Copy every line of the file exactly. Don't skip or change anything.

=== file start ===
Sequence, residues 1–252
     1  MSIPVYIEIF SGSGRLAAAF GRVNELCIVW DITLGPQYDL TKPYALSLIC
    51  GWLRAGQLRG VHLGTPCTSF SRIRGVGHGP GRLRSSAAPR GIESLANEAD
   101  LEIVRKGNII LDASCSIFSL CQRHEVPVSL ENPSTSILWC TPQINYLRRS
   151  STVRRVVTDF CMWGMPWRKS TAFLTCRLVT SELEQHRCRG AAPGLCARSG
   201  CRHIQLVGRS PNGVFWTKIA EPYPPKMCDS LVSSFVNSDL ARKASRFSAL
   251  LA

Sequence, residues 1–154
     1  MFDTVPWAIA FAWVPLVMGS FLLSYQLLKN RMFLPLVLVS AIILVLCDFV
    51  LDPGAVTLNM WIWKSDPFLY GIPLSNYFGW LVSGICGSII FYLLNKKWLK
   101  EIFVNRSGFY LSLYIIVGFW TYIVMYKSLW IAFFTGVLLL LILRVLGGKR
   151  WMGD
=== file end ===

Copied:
Sequence, residues 1–252
     1  MSIPVYIEIF SGSGRLAAAF GRVNELCIVW DITLGPQYDL TKPYALSLIC
    51  GWLRAGQLRG VHLGTPCTSF SRIRGVGHGP GRLRSSAAPR GIESLANEAD
   101  LEIVRKGNII LDASCSIFSL CQRHEVPVSL ENPSTSILWC TPQINYLRRS
   151  STVRRVVTDF CMWGMPWRKS TAFLTCRLVT SELEQHRCRG AAPGLCARSG
   201  CRHIQLVGRS PNGVFWTKIA EPYPPKMCDS LVSSFVNSDL ARKASRFSAL
   251  LA

Sequence, residues 1–154
     1  MFDTVPWAIA FAWVPLVMGS FLLSYQLLKN RMFLPLVLVS AIILVLCDFV
    51  LDPGAVTLNM WIWKSDPFLY GIPLSNYFGW LVSGICGSII FYLLNKKWLK
   101  EIFVNRSGFY LSLYIIVGFW TYIVMYKSLW IAFFTGVLLL LILRVLGGKR
   151  WMGD